The tech-heavy Nasdaq composite index slumped 47.74 to 1,423.19. The Dow Jones industrial average fell 140.40 to close at 8,235.81, down 14.3 percent for the week. For the week, the Nasdaq lost 16.1 percent and the Dow dropped 14.3 percent.
Aside from a few positive swings in the market--Wednesday's final hour of buying and Friday's brief interlude with Dow gains--investors have largely dumped shares since the markets reopened following the Sept. 11 terrorist attacks on the World Trade Center and the Pentagon.
Although the market sell-off is on par with historical reactions to catastrophe, that's little comfort to investors who have seen their portfolios decimated this week. It was the worst weekly performance for the Dow since Germany invaded Belgium and France in May 1940, and the Nasdaq's weakest since April 2000.
Predictably, the airline, media and insurance industries have taken a big hit this week, and the technology sector hasn't been immune. Tech bellwethers such as Dell Computer, Applied Materials and Cisco Systems have all suffered declines topping 12 percent. Online travel companies such as Priceline.com and Expedia have fared far worse. Other sectors that have faltered:
The CNET server software index fell more than 10 percent this week. Many software companies have "back-end loaded" quarters, meaning they tend to close most of their deals at the end of the quarter. With businesses nationwide virtually coming to a halt in the middle of September, companies such as i2 Technologies and its rivals have little chance to make their quarters.
The CNET storage index lost at least 9 percent this week. That drop is contrary to what many analysts had predicted. If anything, the World Trade Center disaster showed the importance of storing data on a network instead of at one central location. But storage giant EMC said Thursday that it would eliminate more than 2,000 jobs and probably report a third-quarter loss.
The CNET PC hardware index dropped more than 11 percent this week. EMC's profit warning was viewed as a harbinger of things to come for most hardware companies such as IBM, Hewlett-Packard, Sun Microsystems, Compaq Computer, Apple Computer and Dell. "We expect that just about every company in the computer hardware and storage industries will come in light of expectations," said Bear Stearns analyst Andrew Neff.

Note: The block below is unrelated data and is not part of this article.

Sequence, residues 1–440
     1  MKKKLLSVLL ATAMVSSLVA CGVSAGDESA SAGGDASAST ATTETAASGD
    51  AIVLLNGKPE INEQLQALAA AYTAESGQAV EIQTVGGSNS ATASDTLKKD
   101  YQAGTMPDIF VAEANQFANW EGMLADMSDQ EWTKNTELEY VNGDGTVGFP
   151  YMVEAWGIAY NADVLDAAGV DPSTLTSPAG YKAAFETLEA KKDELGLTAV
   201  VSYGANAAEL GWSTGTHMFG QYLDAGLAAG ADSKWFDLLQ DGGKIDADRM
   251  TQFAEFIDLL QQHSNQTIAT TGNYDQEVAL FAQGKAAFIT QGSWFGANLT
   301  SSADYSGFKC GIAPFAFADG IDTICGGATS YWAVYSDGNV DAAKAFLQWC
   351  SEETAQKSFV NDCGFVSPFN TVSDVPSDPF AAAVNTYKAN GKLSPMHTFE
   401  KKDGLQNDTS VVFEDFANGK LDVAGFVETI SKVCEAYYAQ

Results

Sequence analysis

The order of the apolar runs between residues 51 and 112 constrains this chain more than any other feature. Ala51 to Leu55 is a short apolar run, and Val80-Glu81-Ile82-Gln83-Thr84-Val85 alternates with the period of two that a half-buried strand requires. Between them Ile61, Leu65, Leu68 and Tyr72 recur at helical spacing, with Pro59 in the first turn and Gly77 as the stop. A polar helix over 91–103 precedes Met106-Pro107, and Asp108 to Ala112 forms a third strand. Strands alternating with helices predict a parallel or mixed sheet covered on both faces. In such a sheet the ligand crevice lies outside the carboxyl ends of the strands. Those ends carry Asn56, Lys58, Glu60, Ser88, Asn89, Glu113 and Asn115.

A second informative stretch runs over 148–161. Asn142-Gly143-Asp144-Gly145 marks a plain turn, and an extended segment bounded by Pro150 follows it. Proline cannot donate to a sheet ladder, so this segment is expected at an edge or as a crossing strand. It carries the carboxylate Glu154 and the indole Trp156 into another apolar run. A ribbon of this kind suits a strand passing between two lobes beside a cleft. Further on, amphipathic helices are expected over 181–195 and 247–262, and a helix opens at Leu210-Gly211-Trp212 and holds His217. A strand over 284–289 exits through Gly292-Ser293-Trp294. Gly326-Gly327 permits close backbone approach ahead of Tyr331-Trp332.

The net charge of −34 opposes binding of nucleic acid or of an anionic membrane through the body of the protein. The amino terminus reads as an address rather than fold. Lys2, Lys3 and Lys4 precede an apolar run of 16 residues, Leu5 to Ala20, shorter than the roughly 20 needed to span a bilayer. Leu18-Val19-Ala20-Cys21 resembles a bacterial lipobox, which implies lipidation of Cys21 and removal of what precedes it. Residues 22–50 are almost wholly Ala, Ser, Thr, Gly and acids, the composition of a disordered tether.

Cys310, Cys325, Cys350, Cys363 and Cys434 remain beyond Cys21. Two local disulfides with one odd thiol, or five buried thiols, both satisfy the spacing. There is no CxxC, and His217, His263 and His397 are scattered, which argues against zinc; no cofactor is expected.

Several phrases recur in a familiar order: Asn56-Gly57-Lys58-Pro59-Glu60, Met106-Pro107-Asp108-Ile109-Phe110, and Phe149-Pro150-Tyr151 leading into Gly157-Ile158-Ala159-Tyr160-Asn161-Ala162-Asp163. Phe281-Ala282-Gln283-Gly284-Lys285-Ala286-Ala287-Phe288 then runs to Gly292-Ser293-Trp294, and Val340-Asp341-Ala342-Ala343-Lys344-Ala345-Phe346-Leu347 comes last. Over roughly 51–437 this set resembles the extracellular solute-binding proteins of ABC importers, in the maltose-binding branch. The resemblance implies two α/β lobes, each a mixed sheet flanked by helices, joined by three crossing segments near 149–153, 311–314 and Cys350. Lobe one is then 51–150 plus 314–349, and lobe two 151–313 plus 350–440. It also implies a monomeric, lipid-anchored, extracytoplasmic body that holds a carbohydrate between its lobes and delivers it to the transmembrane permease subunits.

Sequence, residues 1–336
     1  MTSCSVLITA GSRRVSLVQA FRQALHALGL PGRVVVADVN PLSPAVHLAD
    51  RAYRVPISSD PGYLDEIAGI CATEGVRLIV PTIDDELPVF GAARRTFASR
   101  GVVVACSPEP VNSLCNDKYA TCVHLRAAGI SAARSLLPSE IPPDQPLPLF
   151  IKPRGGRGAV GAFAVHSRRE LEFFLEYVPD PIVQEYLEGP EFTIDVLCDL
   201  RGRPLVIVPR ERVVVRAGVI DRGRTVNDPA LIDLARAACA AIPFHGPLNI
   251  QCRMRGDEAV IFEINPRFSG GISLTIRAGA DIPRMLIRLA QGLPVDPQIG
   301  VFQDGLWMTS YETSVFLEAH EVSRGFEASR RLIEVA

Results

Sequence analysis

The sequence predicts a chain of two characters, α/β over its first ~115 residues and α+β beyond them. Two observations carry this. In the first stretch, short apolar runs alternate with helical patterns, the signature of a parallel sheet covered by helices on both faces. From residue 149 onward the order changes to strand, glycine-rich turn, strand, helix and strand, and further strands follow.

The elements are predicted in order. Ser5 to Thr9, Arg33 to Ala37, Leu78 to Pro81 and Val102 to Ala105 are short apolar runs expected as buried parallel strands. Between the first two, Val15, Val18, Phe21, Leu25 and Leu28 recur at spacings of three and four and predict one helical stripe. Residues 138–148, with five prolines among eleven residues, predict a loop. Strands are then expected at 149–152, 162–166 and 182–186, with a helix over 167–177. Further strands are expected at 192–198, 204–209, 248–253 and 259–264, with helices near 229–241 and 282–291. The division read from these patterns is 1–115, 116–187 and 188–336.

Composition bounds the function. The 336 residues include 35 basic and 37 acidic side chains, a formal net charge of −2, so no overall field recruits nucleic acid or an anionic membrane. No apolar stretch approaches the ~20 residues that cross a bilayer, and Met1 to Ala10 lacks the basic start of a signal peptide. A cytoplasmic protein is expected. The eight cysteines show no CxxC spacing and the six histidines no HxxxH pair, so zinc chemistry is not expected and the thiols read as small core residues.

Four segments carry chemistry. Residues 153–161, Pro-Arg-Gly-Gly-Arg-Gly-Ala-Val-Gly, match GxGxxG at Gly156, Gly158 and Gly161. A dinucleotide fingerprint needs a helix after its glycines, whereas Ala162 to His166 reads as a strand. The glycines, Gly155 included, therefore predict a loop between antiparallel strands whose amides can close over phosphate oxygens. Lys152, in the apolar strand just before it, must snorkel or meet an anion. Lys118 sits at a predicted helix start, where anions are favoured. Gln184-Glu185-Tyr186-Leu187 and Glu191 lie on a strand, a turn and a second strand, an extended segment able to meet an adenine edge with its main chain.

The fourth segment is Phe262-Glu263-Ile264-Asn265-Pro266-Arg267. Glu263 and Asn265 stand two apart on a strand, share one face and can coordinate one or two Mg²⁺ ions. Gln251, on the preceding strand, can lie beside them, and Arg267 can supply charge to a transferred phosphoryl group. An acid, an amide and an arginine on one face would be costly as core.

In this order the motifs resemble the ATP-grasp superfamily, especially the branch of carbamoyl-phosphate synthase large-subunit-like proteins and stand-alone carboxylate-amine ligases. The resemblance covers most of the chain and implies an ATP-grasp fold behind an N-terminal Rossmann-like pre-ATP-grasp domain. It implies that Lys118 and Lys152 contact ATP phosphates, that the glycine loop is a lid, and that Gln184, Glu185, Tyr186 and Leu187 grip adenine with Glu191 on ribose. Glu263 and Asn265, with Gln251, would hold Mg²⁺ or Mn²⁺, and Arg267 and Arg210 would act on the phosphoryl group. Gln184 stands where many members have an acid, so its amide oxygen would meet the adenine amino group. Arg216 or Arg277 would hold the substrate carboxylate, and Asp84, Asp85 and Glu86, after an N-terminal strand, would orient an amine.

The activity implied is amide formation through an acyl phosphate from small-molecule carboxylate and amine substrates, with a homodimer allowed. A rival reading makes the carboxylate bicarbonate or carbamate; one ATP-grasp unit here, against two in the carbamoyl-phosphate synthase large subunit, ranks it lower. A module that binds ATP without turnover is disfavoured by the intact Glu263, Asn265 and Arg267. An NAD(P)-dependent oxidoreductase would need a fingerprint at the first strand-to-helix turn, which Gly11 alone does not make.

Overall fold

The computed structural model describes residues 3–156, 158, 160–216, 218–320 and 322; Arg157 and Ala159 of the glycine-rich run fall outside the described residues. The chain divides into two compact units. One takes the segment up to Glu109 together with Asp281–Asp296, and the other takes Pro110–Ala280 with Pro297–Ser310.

Lehman analyst Dan Niles predicts that PC unit sales will drop 5 percent in 2001 and grow only 7 percent in 2002. He earlier predicted flat sales in 2001 and 12 percent growth in 2002.
The biggest problem facing the markets and the economy is that demand for goods, technology and stocks has tumbled.
Investors and consumers are laying low, analysts said. Late Thursday, President Bush warned of a lengthy war on terrorism in the wake of last week's attacks that destroyed the World Trade Center and part of the Pentagon, killing an estimated 6,000.
"Markets are highly focused on war prospects," BMO Nesbitt Burns analyst Russell Sheldon said in a research note Friday. "Keep the hatches battened down."
What the markets do now largely depends on what political moves Bush makes and what economic stimulus can be provided by the Federal Reserve and the government.
"We will not attempt to forecast what cannot be anticipated, such as the nature and frequency of any further terrorist attacks on the U.S.," said Merrill Lynch strategist Christine Callies.
Analysts all agree that the terrorist attacks have nudged the U.S. economy into a recession, something which was already a possibility before the disaster destroyed whatever confidence consumers had left.
Though the Federal Reserve reacted quickly to stave off inflation, cutting interest rates by 50 basis points Monday, and is widely expected to do so again, economists say there isn't much hope that such measures can stave off a recession.
"The global recession is deepening, with layoffs mounting," said Bear Stearns analyst David Malpass.